Few have had such an unusual, interesting and fulfilling life as Selma Rosner. Her childhood, growing up in Boston in the 20s, was similar to many childhoods—the walking miles to school on the icy winter mornings, to save the dime that the trolley cost.
Born in 1921, Selma Louise Hoffman was of a family of modest means. Her father was a traveling salesman, her mother a seamstress. She had an older brother, Martin, and older sister, Gladys, and a younger brother, Robert. Times were hard, but the Hoffman's gave their four children all the love that they could, worked hard to give them as advanced an education as was possible, and loads of encouragement to take all the opportunities that came their way. Her mother, Eva, after the premature death of Selma’s father, Samuel, brought up her two sons and two daughters as a widow, sewing clothing in a factory, instilling masses of drive in her children.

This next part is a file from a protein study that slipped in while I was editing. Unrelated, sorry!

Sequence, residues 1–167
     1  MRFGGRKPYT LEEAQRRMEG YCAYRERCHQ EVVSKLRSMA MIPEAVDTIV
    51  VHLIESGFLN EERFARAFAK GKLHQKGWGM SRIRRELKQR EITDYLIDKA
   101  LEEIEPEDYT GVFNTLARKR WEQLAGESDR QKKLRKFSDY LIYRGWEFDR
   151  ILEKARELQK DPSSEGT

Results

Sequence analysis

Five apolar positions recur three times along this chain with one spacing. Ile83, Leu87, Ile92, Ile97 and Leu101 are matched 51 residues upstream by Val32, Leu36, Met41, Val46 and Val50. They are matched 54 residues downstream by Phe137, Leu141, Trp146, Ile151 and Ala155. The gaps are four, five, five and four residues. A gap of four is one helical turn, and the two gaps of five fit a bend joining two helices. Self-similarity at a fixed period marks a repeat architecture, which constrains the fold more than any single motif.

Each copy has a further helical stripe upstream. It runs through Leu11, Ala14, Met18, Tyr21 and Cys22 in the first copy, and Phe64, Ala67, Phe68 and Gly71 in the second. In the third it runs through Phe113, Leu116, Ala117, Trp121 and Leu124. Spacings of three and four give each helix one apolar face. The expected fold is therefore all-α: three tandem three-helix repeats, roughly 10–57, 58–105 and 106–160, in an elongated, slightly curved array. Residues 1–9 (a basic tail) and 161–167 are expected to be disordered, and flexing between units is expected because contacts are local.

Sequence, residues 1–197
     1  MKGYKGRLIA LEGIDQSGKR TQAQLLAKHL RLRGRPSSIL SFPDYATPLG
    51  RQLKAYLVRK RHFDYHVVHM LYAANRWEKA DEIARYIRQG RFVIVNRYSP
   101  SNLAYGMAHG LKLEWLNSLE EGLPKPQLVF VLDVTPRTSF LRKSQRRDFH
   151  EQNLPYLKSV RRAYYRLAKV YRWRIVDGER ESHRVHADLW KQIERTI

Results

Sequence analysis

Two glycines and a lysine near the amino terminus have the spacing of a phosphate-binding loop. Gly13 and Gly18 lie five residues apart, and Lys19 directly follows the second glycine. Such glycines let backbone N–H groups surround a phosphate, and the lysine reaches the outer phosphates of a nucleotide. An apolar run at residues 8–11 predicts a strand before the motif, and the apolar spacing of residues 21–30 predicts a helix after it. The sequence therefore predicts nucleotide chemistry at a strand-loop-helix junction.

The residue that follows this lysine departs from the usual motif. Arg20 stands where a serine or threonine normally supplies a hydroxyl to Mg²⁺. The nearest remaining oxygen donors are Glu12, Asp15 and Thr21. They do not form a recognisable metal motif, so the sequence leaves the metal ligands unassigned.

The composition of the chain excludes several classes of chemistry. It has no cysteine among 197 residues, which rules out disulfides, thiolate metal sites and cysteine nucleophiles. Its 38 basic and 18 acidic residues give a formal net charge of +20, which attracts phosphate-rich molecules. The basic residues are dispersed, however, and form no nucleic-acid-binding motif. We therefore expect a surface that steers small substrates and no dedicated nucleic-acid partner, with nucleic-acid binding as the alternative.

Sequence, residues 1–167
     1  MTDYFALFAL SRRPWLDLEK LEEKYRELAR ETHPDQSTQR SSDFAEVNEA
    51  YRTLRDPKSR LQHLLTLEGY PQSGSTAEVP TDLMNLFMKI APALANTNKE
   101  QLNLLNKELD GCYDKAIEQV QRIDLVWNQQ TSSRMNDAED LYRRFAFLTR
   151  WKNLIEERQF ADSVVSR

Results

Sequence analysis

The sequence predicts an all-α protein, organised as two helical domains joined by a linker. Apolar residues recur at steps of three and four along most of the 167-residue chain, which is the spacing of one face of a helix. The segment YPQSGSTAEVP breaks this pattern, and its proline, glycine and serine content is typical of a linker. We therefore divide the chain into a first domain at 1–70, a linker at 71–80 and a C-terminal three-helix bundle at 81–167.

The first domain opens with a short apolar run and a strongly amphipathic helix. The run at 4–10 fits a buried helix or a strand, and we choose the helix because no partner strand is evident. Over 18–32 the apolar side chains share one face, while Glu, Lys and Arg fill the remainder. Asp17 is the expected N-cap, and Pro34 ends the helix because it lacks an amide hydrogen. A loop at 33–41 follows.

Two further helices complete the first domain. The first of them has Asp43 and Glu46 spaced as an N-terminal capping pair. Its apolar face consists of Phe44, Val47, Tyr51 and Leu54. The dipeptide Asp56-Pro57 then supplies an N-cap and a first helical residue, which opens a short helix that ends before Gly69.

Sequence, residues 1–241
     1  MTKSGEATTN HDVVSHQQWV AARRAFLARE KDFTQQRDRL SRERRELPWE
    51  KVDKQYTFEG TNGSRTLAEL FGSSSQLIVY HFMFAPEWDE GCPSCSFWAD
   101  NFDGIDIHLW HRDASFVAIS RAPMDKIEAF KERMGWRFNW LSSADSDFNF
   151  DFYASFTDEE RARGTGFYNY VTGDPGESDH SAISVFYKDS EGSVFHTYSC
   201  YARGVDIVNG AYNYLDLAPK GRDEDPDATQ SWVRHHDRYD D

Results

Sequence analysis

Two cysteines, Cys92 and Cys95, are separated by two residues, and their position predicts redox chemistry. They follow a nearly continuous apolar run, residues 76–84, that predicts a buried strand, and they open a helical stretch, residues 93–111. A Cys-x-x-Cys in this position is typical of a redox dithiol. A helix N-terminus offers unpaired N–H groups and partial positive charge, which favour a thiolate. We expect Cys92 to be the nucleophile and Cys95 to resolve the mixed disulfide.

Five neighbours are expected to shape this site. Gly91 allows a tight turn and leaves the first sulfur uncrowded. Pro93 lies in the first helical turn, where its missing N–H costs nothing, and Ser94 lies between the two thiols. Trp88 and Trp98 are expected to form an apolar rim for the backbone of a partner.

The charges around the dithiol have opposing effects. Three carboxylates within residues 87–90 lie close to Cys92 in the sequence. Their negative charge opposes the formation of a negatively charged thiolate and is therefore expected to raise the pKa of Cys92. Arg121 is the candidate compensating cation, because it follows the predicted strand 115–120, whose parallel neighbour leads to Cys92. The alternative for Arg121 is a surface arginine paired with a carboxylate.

Selma attended Latin School for 4 years, entering from the 6th grade. One could enter from the 6th grade, or the 8th grade. She was very smart! Both Selma and her best buddy, Shirley, were. You had to get all 1’s from all your teachers and recommendations. So she and Shirley would travel together to school.
And then there was the Jewish Theatre. She and her older sister, Gladys, loved to dance, and would spend most of their free time there...